Tom Sorensen

Hornets have a new coach, James Borrego. The situation he inherits is complicated

Former San Antonio Spurs assistant James Borrego is the Hornets’ choice to replace Steve Clifford, but what comes next isn’t clear.
Former San Antonio Spurs assistant James Borrego is the Hornets’ choice to replace Steve Clifford, but what comes next isn’t clear. AP

When a team hires a head coach who has never been a head coach, it gambles. In every sport there are assistants who should never be promoted. The safer route is to hire a head coach who has been run off his previous job. This is the reason former head coaches continually cycle through their leagues.

But if the man who makes the hire, presumably the general manager, doesn’t trust his instincts, he shouldn’t be the general manager. The idea is to identify the next big-time coach and go after him.

The Charlotte Hornets have hired James Borrego as their head coach. What do you know about Borrego? I’ll answer that. Unless you’re an NBA junkie, you know as little about him as you did Steve Clifford when in 2013 the Hornets made him their head coach.

Everybody was an assistant. Gregg Popovich of the San Antonio Spurs, the NBA’s most successful coach, was an assistant with Air Force, Kansas, San Antonio and Golden State before he became the Spurs’ head coach in 1996.

Borrego was an assistant with his alma mater, San Diego, and an NBA assistant with San Antonio, New Orleans, Orlando (and for 30 games the Magic’s interim head coach), and again with San Antonio before the Hornets hired him.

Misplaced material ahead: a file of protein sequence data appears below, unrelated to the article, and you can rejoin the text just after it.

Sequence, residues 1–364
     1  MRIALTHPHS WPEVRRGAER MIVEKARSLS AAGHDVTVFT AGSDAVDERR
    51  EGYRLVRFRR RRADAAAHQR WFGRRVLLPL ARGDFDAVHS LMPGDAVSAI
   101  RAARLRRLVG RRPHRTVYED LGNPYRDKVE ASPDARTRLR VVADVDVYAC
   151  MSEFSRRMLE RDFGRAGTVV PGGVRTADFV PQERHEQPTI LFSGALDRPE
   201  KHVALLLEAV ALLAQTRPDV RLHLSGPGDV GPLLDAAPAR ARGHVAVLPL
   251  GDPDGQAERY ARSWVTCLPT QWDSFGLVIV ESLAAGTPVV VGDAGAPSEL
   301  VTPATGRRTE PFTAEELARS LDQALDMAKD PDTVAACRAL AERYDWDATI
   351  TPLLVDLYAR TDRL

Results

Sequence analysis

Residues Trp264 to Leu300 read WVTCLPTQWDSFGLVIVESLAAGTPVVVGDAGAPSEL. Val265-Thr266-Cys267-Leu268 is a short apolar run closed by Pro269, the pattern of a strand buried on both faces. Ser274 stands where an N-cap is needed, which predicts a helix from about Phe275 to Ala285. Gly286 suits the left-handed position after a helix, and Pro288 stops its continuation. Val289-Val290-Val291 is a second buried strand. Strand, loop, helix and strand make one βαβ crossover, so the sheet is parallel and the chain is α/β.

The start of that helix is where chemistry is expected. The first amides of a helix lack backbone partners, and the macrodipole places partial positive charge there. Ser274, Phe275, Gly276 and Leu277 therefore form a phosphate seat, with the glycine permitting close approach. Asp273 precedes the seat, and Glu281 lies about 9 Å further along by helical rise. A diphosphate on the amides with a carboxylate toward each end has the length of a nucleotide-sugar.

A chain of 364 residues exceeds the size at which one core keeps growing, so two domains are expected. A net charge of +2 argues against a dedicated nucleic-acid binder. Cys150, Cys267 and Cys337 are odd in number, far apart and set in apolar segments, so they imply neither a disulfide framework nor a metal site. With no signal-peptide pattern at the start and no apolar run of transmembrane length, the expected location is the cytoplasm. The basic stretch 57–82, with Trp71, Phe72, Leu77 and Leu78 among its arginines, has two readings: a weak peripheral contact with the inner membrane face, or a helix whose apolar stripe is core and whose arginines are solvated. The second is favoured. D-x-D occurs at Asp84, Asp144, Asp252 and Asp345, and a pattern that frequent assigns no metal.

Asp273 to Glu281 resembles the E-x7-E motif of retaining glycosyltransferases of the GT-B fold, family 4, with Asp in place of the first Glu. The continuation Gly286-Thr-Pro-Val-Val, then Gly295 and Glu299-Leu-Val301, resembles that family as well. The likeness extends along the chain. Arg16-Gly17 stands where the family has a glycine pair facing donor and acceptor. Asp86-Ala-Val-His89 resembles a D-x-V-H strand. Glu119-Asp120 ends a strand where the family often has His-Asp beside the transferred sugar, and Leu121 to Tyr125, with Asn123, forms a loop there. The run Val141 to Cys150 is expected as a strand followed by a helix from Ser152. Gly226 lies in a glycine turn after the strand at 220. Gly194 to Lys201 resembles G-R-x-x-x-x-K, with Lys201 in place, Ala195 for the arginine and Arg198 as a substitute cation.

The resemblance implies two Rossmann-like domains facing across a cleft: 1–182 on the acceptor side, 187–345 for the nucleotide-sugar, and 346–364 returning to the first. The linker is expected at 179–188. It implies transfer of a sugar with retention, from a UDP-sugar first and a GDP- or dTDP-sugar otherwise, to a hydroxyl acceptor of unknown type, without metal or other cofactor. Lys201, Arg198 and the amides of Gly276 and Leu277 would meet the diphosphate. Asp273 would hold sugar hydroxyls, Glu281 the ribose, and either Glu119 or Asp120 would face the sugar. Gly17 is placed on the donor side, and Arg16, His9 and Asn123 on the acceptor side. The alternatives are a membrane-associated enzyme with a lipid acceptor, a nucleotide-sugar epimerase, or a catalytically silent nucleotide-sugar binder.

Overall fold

Borrego has a rough assignment. Is he supposed to win enough games to try to claim the seventh or eighth playoff spot in the Eastern Conference and, the Hornets undoubtedly hope, a first-round matchup with the highly seeded Toronto Raptors? Or is he supposed to tank?

Nobody wants to lose, and if the Hornets tank next season they’ll lose far more fans than they do games. But with the exception of point guard Kemba Walker, big man Dwight Howard and occasionally guard Nic Batum, Charlotte’s players range in ability from mediocre to decent.

Walker, who turned 28 Tuesday, has one season left on his contract. He does all he can to win. Yet the Hornets are mired in a rebuilding decade. Will he tolerate another sub-.500 season?

If the Hornets don’t tank, how do they improve? They can trade some of their mediocre to decent players. But to whom do they trade the players and their contracts?

The other option is to win with what they have. Guard Malik Monk, a rookie last season, finished well. The Hornets also have to draft well. Next month’s draft will be the first for general manager Mitch Kupchak, who was hired in April. The Hornets are most likely to pick 11th.

San Antonio repeatedly discovers talent in the draft. Borrego had a great view. He worked 10 seasons in his two stints there. You don’t make it as a San Antonio assistant unless you understand your craft.

Clifford understood his. His opponents invariably had more talent. He counteracted this by playing superior defense. But last season, his players played as if they had stopped listening.

You can make a case that the younger the coach, the more likely a team is to rebuild. Clifford is 56. Borrego is 40.

It will be interesting to see what the new GM and coach can do, and how much time they’ll require to do it.

Tom Sorensen is a retired Charlotte Observer columnist. Sign up for his newsletter, and follow him on Twitter: @tomsorensen

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